FONA808 USB Interface

First of all, Happy New Year 2017! I hope all of yours starts the new year with good intentions. The mine one is write frequently here. Family and work don’t let me much free time but I’ll try it!

FONA808 USB Interface

For several months I’m working with FONA808 modules from Adafruit to make a portable, web-based locating system. This modules are based on the SIM808 module from SIMCOM manufacturer, and integrates both GSM and GPS transceivers in one 24x24mm package.  The Adafruit board includes this module and also some electronics for choosing voltage levels, battery connection and charger. Because I need to test and programming some of this modules, I decide to make an specific PCB for it, allowing the programming and debugging via PC, which is more comfortable that use a microcontroller for all these tasks. I use the MCP2221 USB-Serial bridge and add some electronics to give the board more functionality. So it has a connection for a 3.7Li-Ion battery, battery charger, manual pushbutton to turn on/off the module and also several leds to indicate the status of the different elements and network connections. So, let’s go for it!


As always, the first is the schematic of the board, you can find here: FONA808 PC Interface_V01. The board is based on the FONA808 module, so is designed around it. Here are the info about this module, it’s recommendable to read it if you don’t know this module.

  1. USB connection: I use the same Mini USB Molex connector of the previous boards, because it’s easy to solder by hand. With the USB connector you can communicate with the FONA808 module and also charging the battery.
  2. Local Battery: The FONA808 has it own battery connector and on-board charger, but I decide to add a second battery connector and charger. Basically because I work with other kind of batteries (LP603450) and I’ve got some of it at home. The battery charger is the well known MCP73832T-2ACI/OT from Microchip. I set up it to charge the battery at 212mA (R19, 4K7), and has two led’s to indicate the state of the charge (orange is charging and green is charged). The voltage to charge the battery comes from the USB port. Between the battery charger and the battery, there’s a switch S1. This switch allows to charge the battery alone (position 1-2). This feature is important because in the FONA808 module, the battery is permanently connected to the circuit, so when you’re charging it, always there’re loss due the circuits connected. Also, because the MCP2221 has four general IO pins, I add a voltage divider (R3+R5) to try to measure the battery level with the MCP2221 utility (at this time I don’t test this feature).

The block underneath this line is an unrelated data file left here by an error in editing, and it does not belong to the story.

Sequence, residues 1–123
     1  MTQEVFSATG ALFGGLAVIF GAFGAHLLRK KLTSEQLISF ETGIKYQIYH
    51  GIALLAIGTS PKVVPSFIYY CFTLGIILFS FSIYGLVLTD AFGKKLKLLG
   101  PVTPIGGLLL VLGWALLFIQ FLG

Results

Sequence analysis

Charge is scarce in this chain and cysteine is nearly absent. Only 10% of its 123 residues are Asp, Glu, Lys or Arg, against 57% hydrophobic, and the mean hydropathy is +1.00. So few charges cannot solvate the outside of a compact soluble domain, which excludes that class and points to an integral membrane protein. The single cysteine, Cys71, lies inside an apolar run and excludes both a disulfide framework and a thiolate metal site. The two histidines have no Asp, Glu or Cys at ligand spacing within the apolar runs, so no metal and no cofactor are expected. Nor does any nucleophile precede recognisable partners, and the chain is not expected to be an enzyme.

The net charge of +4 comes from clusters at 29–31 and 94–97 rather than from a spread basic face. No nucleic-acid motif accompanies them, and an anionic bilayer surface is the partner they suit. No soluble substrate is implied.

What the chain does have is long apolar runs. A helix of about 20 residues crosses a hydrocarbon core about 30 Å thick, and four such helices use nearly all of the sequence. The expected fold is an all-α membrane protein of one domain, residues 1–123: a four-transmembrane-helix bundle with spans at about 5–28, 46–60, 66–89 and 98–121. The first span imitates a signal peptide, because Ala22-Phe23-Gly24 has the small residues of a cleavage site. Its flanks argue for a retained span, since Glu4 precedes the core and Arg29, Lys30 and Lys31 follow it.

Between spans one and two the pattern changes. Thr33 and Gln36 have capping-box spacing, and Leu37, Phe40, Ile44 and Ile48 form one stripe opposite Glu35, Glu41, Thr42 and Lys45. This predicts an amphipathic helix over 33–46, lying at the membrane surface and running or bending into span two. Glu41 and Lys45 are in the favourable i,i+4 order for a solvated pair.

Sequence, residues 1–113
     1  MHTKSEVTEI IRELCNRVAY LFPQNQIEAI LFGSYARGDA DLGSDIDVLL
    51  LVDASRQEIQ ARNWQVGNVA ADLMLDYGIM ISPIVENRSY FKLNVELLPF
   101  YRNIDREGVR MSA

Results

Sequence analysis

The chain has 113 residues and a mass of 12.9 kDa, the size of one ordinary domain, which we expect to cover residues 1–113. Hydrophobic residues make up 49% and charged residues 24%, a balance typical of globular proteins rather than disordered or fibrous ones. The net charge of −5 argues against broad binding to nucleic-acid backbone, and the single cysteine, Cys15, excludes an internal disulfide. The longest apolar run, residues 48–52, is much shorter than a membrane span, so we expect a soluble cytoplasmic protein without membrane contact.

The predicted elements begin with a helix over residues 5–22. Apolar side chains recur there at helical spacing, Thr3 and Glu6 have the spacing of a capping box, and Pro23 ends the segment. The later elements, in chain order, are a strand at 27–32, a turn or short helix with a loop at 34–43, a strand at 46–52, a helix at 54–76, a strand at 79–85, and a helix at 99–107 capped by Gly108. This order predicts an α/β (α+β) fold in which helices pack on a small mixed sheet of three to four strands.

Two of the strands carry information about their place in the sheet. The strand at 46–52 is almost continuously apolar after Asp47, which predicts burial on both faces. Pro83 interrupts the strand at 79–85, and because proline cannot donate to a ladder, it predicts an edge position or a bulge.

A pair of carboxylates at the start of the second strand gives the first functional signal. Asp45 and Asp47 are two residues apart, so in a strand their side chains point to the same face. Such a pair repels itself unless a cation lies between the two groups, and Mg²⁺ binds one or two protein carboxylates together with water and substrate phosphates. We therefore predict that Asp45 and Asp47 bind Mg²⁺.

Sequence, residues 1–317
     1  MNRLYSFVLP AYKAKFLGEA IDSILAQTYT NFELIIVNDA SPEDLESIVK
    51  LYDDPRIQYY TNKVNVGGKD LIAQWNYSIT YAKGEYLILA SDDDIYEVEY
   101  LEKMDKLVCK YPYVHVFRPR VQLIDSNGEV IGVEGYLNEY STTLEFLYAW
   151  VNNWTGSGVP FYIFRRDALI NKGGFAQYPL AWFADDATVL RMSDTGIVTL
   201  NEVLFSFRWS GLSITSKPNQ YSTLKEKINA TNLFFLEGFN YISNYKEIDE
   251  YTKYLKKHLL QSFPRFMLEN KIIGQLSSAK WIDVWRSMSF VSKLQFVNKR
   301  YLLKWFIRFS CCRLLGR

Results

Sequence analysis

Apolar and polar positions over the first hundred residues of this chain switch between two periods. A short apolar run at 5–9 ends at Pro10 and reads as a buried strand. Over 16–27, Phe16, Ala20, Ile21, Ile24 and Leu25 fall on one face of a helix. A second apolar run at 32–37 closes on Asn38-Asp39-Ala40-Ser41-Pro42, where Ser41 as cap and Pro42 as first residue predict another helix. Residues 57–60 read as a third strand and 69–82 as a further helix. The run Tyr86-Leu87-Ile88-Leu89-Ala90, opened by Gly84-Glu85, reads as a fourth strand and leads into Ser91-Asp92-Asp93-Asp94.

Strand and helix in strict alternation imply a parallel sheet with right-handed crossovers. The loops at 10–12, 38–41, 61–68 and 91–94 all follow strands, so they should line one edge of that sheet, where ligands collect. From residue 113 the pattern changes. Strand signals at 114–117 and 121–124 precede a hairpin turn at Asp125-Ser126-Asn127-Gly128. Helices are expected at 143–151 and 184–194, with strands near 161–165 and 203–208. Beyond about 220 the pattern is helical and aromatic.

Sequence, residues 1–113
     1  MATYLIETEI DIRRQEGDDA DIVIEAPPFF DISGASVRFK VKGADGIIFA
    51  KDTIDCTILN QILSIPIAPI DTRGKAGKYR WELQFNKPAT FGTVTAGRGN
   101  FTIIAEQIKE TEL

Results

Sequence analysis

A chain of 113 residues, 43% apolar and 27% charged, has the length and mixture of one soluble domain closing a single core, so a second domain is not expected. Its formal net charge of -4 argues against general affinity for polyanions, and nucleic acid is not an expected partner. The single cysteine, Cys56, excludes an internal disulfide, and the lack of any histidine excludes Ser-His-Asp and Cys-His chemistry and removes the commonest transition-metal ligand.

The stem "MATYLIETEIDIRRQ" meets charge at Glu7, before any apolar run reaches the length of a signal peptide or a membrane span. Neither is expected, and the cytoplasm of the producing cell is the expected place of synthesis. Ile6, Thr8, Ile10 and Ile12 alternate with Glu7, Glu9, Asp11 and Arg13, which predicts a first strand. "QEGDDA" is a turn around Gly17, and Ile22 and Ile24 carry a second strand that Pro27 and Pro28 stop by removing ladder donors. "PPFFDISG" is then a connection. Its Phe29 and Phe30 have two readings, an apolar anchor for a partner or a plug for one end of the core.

Read more: FONA808 USB Interface


About The Author

Ibrar Ayyub

I am an experienced technical writer holding a Master's degree in computer science from BZU Multan, Pakistan University. With a background spanning various industries, particularly in home automation and engineering, I have honed my skills in crafting clear and concise content. Proficient in leveraging infographics and diagrams, I strive to simplify complex concepts for readers. My strength lies in thorough research and presenting information in a structured and logical format.

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